B. Supportive Measures – Supportive Measures are non-disciplinary, non-punitive individualized services offered as appropriate, as reasonably available, and without fee or charge to the Complainant (or the Respondent) before or after the filing of a Formal Complaint or where no Formal Complaint has been filed. They are designed to restore or preserve equal access to ACU’s education program or activity without unreasonably burdening the other party, including measures designed to protect the safety of all parties or ACU’s educational environment, or to deter Sexual Misconduct.

1. General Examples – Such measures can include but are not limited to counseling or academic support services, leaves of absence, increased security and monitoring certain areas of campus, or modification of classes or ACU work schedules (e.g., either a Complainant or Respondent may be permitted to drop an academic course without any academic penalty when the parties are enrolled in the same course). (To the extent possible, Complainant and Respondent will be offered counseling services by different counselors in the ACU Counseling Center.) The parties will also be informed regarding relevant on-campus and off-campus resources, which include the assignment of a Title IX Liaison, academic support services, and the right to report a crime or seek a protective/restraining order from campus or local law enforcement. These measures and resources are available to Complainants even if they choose not to file or pursue a Formal Complaint or if the status of a Respondent to the university is unclear (e.g., un-enrolled student or non-employee). In keeping with legal requirements, such measures should be individualized and appropriate based on the information gathered by the Coordinator or designee, making every effort to avoid depriving any student of her or his education. The Coordinator or other designee is responsible for ensuring the implementation of Supportive Measures.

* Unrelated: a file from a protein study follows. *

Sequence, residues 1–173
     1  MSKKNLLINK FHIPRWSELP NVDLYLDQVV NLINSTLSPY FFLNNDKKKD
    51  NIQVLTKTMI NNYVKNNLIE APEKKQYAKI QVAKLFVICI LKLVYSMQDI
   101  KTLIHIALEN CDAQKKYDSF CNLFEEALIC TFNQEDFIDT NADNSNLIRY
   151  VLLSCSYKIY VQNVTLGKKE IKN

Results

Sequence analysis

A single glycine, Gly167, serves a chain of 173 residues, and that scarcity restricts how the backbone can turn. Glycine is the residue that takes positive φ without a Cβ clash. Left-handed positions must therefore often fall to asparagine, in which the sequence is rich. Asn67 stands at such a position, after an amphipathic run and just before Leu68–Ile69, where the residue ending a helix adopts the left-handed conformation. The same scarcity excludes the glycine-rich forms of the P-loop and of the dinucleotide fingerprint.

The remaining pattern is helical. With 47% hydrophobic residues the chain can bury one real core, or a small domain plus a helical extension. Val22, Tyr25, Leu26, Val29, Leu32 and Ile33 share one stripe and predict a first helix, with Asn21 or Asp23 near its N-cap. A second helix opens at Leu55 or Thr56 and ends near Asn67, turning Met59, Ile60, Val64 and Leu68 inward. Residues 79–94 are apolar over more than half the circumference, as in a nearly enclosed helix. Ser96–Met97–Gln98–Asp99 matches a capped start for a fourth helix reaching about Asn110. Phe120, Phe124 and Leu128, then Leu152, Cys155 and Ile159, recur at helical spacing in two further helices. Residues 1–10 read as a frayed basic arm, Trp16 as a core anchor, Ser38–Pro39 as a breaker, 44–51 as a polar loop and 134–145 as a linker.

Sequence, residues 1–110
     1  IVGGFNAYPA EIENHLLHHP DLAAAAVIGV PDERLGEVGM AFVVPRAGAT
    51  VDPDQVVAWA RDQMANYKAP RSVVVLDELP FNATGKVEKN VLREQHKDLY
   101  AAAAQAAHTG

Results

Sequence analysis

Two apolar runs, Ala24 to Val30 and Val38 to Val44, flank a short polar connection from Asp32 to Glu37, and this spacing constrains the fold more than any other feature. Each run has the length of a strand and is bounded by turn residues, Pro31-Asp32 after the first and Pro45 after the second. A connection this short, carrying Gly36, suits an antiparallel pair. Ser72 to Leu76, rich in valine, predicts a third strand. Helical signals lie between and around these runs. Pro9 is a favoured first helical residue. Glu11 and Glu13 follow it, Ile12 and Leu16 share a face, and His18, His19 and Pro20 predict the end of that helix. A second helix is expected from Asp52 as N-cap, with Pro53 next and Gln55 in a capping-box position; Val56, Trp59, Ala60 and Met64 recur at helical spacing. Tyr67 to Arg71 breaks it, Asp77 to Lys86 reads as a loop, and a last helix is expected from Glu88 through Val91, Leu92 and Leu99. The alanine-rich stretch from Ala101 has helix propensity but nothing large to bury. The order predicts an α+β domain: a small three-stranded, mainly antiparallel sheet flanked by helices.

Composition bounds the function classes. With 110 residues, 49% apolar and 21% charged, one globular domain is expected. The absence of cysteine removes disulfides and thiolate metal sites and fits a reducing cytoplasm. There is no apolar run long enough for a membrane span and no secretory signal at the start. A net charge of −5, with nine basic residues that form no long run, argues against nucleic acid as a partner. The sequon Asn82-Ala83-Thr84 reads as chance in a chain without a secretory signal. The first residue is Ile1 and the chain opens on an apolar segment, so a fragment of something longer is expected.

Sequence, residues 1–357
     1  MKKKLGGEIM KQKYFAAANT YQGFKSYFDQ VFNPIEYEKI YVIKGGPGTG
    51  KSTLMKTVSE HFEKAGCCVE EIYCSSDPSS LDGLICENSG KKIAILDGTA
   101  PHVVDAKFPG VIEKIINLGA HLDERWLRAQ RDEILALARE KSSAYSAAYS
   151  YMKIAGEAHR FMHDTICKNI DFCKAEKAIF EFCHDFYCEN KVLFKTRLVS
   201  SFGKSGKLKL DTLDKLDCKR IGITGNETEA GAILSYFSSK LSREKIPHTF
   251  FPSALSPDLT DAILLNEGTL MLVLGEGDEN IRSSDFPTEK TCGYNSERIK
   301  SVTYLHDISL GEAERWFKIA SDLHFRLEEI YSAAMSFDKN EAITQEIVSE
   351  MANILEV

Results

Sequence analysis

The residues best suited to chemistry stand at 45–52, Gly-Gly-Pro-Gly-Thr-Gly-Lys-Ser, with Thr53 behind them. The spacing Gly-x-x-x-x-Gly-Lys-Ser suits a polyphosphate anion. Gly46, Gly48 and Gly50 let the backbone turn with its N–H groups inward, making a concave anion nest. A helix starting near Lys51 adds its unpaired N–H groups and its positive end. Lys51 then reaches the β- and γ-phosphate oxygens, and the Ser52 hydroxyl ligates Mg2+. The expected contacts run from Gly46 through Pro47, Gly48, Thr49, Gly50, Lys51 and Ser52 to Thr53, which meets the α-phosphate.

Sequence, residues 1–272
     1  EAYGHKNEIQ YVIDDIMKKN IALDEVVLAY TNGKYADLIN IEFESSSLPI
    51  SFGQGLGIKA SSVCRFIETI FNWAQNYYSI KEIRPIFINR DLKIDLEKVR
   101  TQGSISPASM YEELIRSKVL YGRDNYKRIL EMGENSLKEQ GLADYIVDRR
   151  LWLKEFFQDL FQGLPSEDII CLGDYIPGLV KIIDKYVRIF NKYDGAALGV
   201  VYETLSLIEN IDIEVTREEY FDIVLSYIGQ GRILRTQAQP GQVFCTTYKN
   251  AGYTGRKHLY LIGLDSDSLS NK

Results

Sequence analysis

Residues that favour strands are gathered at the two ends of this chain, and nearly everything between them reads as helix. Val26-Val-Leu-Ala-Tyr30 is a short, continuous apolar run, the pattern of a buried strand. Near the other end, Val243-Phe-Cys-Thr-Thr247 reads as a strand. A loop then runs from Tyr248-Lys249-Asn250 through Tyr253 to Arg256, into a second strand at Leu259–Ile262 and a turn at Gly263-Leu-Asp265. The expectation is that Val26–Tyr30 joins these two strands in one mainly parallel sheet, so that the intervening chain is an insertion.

2. Temporary Mutual No Contact Order – Mutual restriction on contact between the parties may be ordered by the Coordinator upon request of either party or based on the administrative prerogative of the Coordinator as a Supportive Measure. Such an order will be in writing and serves to bar any communication between the parties allegedly involved prohibiting any attempt to contact or respond to any communication from the other party, either directly or through others (e.g., friends, family members). The Coordinator or designee will work with the parties involved to help facilitate the order between the parties, so that they may attend classes and use common university facilities as appropriate. A No Contact Order may be extended after the conclusion of any resolutions process at the request of either party or based on the determination by the Decision Maker (i.e., Permanent Mutual No Contact Order). In cases where a demonstrated violation of this No Contact Order has been shown, the responsible party may face disciplinary sanction under this policy including separation from the university pending the final resolution.

3. Emergency Removal of a Student – If, based on a report of Sexual Misconduct, the Title IX Coordinator believes that the safety of any person is in imminent danger as a result of the incident, he/she will notify the President. The university also reserves the right to remove a student from campus or student housing based on the Title IX Coordinator’s individualized safety and risk analysis that determines the student presents a threat to the physical health or safety of any student or other individual arising from the report of Sexual Misconduct. Notification of emergency removal and the reasons for it will be communicated to the student as part of the removal process and sent to the student’s email following the process. The email will also explain that the student has the immediate opportunity to appeal the removal decision by email to the Vice President for Enrollment Management and Student Engagement. If the appeal is granted, the student may be allowed to return pending other necessary stipulations. If the appeal is denied, the removal will remain in effect until a final decision has been made pursuant to the standard procedures unless, before a final decision is made, the Coordinator determines that the reasons for imposing the removal no longer exist.